Why and How Hope Center Began
Hope Center was established in 1996 in response to a doctoral study conducted by Jeannie Gillian, Ph.D. at the University of Tennessee, Knoxville. The purpose of the research was to discover the perceived nature of hope among individuals living with the human immunodeficiency virus who were advised that advanced HIV is not survivable. In-depth repeated interviews were conducted with 35 research participants over 24 months in natural settings. Analysis of the phenomenological interviews revealed the unexpected finding that fatalistic perceptions of a diagnosis of Advanced HIV were not shared by those who live with the virus. The patients defined hope as the belief in possibilities, regardless of illness progression. They described 12 specific themes related to the influence of hope on emotional and health outcomes. These findings suggest that offering a context for hope is a critical aspect of caring for people with this challenging illness.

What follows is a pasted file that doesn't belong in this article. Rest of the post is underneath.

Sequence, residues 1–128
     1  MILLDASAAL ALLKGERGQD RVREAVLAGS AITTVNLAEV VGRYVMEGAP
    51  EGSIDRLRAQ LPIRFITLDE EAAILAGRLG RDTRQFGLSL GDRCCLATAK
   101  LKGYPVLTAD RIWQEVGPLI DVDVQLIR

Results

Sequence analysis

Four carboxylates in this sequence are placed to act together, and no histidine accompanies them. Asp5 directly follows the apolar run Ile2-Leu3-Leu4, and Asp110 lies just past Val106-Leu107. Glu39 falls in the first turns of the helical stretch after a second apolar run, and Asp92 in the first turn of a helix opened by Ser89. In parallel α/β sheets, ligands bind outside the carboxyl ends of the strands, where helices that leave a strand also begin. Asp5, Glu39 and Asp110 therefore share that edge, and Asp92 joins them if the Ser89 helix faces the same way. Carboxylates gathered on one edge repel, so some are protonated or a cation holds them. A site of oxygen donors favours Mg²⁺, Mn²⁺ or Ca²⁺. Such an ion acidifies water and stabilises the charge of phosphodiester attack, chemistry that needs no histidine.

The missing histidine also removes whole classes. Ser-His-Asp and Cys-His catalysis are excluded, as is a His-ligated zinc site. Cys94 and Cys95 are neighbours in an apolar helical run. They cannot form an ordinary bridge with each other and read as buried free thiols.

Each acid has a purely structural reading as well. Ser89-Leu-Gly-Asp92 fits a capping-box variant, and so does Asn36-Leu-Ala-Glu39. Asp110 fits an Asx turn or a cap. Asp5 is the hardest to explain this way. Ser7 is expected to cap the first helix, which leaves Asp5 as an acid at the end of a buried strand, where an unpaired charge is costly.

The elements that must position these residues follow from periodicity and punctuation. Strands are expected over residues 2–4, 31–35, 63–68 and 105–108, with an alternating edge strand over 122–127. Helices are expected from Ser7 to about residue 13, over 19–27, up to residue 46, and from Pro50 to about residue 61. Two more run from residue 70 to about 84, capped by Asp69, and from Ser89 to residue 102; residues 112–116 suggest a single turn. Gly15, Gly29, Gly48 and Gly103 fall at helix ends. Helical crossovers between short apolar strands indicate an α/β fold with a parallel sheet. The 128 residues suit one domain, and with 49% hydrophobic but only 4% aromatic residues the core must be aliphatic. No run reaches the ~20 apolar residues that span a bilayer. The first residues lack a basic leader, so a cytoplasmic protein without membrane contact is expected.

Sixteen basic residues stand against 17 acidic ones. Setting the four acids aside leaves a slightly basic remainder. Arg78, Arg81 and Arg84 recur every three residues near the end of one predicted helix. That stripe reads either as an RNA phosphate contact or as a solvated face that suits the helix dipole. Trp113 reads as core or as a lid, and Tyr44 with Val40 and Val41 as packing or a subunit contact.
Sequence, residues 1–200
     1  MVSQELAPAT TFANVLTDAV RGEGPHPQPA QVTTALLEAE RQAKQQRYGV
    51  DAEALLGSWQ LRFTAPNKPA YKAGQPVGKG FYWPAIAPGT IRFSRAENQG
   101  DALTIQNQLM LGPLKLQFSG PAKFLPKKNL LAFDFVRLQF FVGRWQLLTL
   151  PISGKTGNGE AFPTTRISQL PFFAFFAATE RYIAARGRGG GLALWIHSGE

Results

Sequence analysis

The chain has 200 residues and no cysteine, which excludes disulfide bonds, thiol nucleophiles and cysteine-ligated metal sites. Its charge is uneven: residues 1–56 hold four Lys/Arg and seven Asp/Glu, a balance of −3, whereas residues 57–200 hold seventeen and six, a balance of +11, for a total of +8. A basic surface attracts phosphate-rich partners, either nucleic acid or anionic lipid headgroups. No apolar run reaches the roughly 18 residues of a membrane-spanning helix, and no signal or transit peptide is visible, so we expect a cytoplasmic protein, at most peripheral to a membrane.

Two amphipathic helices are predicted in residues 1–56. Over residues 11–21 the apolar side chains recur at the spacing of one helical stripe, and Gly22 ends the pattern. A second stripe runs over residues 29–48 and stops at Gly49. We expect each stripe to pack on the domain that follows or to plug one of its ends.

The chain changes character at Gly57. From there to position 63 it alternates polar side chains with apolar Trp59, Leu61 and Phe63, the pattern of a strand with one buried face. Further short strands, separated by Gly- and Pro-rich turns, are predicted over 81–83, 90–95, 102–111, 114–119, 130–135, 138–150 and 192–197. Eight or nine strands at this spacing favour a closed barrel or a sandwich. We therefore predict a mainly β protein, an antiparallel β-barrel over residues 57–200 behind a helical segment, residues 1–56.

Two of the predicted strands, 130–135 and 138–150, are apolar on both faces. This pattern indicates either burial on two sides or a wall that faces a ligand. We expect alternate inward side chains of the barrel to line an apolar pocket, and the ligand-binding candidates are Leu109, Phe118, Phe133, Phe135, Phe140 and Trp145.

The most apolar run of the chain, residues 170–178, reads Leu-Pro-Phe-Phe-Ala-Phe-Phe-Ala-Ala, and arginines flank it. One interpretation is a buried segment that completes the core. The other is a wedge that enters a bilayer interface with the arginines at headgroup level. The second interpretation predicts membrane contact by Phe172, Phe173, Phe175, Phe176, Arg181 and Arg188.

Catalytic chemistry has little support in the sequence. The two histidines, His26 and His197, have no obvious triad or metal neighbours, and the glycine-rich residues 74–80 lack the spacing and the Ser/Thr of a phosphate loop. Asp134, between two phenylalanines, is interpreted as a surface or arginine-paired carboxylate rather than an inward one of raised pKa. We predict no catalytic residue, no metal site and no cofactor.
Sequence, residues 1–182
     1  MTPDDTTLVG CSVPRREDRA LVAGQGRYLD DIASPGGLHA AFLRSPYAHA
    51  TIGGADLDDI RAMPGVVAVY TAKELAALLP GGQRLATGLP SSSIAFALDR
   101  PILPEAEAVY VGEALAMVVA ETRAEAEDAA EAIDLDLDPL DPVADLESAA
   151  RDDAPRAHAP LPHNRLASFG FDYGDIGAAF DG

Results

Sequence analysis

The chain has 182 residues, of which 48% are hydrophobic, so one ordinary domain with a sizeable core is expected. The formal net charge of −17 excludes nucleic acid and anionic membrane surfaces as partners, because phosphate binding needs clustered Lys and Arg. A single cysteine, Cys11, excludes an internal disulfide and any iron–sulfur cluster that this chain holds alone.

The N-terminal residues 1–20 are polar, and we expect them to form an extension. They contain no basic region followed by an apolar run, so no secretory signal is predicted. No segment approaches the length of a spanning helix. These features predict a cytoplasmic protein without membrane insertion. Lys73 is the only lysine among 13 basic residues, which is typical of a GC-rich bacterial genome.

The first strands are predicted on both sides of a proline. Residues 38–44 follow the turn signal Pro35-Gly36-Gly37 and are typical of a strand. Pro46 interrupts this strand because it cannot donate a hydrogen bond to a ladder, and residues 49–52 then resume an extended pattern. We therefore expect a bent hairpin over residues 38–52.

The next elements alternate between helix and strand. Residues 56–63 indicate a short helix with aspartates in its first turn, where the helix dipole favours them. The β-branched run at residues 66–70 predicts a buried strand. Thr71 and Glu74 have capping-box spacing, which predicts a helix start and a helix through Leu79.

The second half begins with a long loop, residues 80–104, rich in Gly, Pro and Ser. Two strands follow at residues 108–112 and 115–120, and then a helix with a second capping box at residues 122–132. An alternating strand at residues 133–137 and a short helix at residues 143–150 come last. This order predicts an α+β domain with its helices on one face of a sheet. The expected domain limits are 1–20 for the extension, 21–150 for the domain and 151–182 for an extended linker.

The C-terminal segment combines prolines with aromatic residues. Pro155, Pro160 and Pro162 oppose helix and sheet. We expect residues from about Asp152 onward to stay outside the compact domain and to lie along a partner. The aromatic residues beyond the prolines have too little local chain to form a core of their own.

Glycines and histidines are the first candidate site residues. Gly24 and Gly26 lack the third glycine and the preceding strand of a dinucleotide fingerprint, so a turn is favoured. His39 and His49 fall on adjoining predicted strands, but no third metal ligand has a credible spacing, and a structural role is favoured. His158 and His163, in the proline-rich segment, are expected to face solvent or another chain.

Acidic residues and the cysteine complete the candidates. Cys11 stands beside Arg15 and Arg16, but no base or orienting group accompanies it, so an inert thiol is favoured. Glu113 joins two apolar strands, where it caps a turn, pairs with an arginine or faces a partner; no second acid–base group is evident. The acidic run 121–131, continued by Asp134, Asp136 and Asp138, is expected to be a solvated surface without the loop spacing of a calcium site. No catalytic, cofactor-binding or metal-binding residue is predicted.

With assistance from Richard C. Rose, MD, the Fort Sanders Foundation, and Covenant Health's Center for Community Health, Hope Center was established to address individual needs using a patient-focused hope model as defined by the research participants. Covenant Health supports the Center by providing the hospital space needed to offer supportive services at no charge to families affected by HIV and other serious illnesses. The Center relies entirely on charitable gifts and donations for its existence. During the past 17 years, community volunteers have created fundraisers to sustain the Center. An example of these fundraising efforts is the annual “Southern Summer’s Night” event hosted by Rick Fox and Ralph Cianelli, which just celebrated its 11th year. We thank everyone who contributed to the success of these events, which help Hope Center to provide needed supportive care at no charge.